Lecture 1: What is An OS Operating Systems (A) (Honor Track)

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Lecture 1: What is An OS Operating Systems (A) (Honor Track)
Operating Systems (A) (Honor Track)
Lecture 1: What is An OS
Tao Wang
School of Electronics Engineering and Computer Science
http://ceca.pku.edu.cn/wangtao
Fall 2012
Acknowledgements: Prof. Xiangqun Chen at PKU and Prof. Yuanyuan Zhou at UCSD
1
A Typical Computer
from a Hardware Point of View
CPU
Memory
...
CPU
Chipset
Network
2
Why do we need an OS?
A modern computer consists of:
•
•
•
•
•
One or more processors
Main memory
Disks
Printers
Various input/output devices
Managing all these components requires a layer of
software – the operating system
3
What Is an OS?
“Code” that:

Sits between programs & hardware

Sits between different programs

Sits betweens different users
But what does it do?
to provide an orderly and controlled allocation of the processors,
memories and I/O devices among the various programs competing for
them
Real life analogy:
 Government?
4
OS is…
 The
operating system is the software layer
between user applications and the hardware
 The
OS is “all the code that you didn’t have to
write” to implement your application ?
5
And as an Extended Machine
Figure 1-2. Operating systems turn ugly hardware into beautiful
abstractions.
Tanenbaum, Modern Operating Systems 3 e, (c) 2008 Prentice-Hall, Inc. All rights reserved. 0-13-6006639
6
OS and Hardware
 The
OS abstracts/controls/mediates access to hardware
resources (what resources?)
 Computation (CPUs)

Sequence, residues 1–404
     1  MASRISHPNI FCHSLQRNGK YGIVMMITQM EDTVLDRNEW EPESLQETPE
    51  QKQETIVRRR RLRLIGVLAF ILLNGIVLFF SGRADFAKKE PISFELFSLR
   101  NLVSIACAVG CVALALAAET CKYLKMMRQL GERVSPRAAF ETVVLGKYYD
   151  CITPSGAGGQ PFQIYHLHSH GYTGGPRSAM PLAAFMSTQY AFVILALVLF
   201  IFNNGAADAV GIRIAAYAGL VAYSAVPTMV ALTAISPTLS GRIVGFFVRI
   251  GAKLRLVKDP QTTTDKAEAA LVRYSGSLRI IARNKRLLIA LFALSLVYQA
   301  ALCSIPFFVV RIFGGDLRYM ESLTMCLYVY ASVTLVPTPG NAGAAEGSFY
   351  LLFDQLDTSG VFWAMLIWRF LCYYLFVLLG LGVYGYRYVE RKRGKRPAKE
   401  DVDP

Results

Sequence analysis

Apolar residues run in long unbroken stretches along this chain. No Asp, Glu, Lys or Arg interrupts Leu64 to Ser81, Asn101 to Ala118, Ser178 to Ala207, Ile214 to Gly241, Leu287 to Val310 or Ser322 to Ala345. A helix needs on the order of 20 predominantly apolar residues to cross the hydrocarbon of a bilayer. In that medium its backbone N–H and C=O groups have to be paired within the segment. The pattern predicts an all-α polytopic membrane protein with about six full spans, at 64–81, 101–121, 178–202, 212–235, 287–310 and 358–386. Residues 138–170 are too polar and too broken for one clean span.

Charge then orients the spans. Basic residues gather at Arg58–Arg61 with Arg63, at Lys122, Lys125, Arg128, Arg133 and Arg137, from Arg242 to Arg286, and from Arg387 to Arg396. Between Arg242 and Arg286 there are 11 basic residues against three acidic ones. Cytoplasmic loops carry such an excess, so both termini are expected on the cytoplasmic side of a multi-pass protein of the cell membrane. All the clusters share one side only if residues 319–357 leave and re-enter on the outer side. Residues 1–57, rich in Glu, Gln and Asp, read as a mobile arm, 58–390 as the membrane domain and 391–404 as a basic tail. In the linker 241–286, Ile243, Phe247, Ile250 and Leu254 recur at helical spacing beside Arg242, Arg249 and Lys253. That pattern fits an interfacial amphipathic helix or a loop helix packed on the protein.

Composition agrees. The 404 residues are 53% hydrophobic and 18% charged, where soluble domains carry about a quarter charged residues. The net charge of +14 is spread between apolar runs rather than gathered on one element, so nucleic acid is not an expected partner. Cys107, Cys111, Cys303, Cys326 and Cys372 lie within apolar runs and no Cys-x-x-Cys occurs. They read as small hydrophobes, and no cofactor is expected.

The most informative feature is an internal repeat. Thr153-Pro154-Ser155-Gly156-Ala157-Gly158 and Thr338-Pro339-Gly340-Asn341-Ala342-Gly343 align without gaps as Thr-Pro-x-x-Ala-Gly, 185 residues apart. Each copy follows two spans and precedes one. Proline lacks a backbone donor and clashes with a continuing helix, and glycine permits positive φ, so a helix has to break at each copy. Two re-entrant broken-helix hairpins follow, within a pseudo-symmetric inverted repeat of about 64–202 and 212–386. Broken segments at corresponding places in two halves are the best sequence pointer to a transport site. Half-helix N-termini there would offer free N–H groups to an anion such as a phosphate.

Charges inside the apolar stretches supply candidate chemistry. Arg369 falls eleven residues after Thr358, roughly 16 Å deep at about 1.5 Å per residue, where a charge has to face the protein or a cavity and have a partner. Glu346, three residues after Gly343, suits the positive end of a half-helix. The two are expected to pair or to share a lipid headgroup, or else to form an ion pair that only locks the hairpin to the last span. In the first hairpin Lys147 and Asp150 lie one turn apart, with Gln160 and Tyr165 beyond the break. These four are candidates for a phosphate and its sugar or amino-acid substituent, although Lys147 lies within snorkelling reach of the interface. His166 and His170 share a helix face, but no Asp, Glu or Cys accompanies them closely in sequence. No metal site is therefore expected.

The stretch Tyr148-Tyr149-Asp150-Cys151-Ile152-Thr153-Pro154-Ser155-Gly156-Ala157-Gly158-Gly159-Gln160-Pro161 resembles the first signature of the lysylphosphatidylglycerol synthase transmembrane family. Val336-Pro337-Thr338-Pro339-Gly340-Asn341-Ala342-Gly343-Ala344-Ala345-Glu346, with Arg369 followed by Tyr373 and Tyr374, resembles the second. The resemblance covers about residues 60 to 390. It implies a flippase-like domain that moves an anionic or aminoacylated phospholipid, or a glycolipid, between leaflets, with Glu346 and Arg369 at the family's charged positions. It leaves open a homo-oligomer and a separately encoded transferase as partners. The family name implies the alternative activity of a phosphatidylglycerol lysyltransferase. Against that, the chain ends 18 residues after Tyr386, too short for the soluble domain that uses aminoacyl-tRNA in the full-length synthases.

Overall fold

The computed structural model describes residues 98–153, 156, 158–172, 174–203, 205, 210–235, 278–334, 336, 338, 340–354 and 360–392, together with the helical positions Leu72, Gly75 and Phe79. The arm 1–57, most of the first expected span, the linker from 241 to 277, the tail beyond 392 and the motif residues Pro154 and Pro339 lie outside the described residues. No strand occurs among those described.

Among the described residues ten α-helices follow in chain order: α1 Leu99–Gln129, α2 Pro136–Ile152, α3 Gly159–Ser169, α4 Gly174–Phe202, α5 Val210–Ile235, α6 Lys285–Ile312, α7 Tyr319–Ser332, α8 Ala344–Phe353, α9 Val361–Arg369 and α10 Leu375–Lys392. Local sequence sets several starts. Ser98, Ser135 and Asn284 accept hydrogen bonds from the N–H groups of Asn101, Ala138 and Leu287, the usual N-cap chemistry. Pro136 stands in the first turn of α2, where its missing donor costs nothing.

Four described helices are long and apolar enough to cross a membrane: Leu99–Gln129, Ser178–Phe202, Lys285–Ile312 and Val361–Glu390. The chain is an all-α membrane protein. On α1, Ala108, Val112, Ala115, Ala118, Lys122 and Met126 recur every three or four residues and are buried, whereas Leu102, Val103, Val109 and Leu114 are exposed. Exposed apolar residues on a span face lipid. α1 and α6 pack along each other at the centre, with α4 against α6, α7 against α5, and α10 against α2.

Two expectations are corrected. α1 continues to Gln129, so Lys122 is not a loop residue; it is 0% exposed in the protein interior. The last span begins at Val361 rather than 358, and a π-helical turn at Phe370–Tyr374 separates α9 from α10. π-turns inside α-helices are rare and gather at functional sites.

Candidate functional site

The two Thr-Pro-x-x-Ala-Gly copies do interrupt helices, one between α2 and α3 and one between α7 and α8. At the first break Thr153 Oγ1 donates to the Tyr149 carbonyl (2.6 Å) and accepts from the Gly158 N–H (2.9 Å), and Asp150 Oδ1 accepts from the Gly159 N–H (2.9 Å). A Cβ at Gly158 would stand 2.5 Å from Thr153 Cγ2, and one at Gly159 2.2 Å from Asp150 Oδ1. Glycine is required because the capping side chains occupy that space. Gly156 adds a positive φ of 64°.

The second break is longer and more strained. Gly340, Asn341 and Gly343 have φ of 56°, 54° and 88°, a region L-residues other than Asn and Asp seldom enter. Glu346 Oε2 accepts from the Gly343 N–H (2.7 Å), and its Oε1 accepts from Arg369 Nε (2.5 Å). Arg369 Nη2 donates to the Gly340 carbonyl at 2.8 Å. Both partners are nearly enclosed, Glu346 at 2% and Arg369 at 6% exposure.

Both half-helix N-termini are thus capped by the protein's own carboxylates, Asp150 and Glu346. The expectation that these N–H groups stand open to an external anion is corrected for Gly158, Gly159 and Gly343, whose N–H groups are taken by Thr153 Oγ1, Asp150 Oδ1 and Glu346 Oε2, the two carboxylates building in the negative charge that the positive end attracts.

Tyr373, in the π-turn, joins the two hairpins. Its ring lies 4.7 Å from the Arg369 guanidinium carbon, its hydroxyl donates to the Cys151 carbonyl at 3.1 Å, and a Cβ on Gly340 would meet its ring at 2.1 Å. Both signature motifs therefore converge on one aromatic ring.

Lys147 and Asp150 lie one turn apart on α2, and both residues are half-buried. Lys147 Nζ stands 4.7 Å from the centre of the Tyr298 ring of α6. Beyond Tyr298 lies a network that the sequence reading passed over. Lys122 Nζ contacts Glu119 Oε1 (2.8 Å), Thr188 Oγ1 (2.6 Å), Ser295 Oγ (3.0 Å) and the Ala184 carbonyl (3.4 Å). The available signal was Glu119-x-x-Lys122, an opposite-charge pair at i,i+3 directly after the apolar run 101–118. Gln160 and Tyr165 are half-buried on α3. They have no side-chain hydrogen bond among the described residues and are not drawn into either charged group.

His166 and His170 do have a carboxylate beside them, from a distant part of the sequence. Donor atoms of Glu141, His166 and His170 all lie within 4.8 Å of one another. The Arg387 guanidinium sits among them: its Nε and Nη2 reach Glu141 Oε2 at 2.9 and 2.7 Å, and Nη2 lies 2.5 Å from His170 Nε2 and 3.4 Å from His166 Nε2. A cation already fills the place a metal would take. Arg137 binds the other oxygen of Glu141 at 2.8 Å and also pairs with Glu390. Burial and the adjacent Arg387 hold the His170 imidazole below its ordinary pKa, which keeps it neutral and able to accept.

 Volatile storage (memory) and persistent storage (disk, etc.)
 Communication (network, modem, etc.)
 Input/output devices (keyboard, display, printer, camera, etc.)
 The
OS defines a set of logical resources (objects) and a set of
well-defined operations on those objects (interfaces)
 Physical resources (CPU and memory)
 Logical resources (files, programs, names)
7
Benefits to Applications
 Simpler
 no tweaking device registers
 Device
independent
 all network cards look the same
 Portable
 Across
Windows95/98/ME/NT/2000/XP/Vista/Windows 7
 Worry
less about interference from other
applications
8
What does an OS do?
Resources
Services
 Allocation
 Abstraction
 Protection
 Simplification
 Reclamation
 Convenience
 Virtualization
 Standardization
Makes computers simpler
9
What Is an OS?
Government
Resources
Finite resources
 Allocation
Competing demands
Land,
 Protection
 Reclamation
 Virtualization
Limited budget,
Examples:
Oil,

CPU
Gas,

Memory
…

Disk

Network
10
What Is an OS?
Government
Resources
 Allocation
You can’t hurt me
I can’t hurt you
Law and order
 Protection
 Reclamation
 Virtualization
Implies some degree of
safety & security
11
What Is an OS?
Government
Resources
 Allocation
The OS giveth
The OS taketh away
Income Tax
 Protection
 Reclamation
 Virtualization
Voluntary at run time
Implied at termination
Involuntary
Cooperative
12
What Is an OS?
Government
Resources
 Allocation
Illusion of infinite,
private resources
Social security
 Protection
 Reclamation
Memory versus disk
Timeshared CPU
 Virtualization
More extreme cases
possible (& exist)
13
Some Questions to Ponder
 What
is part of an OS? What is not? Is the window system
part of an OS? Java?
 Popular
OSes today are Windows, Linux, and OS X
 How different/similar do you think these OSes are?
 Somewhat
surprisingly, OSes change all of the time
 Consider the series of releases of NT, Linux, OS X…
 What are the drivers of OS change?
• New hardware, new applications
 What
are the most compelling issues facing OSes today?
14
Summary
 Why
do we need an OS?
 What
 Next
does an OS do?
lecture: OS History
15

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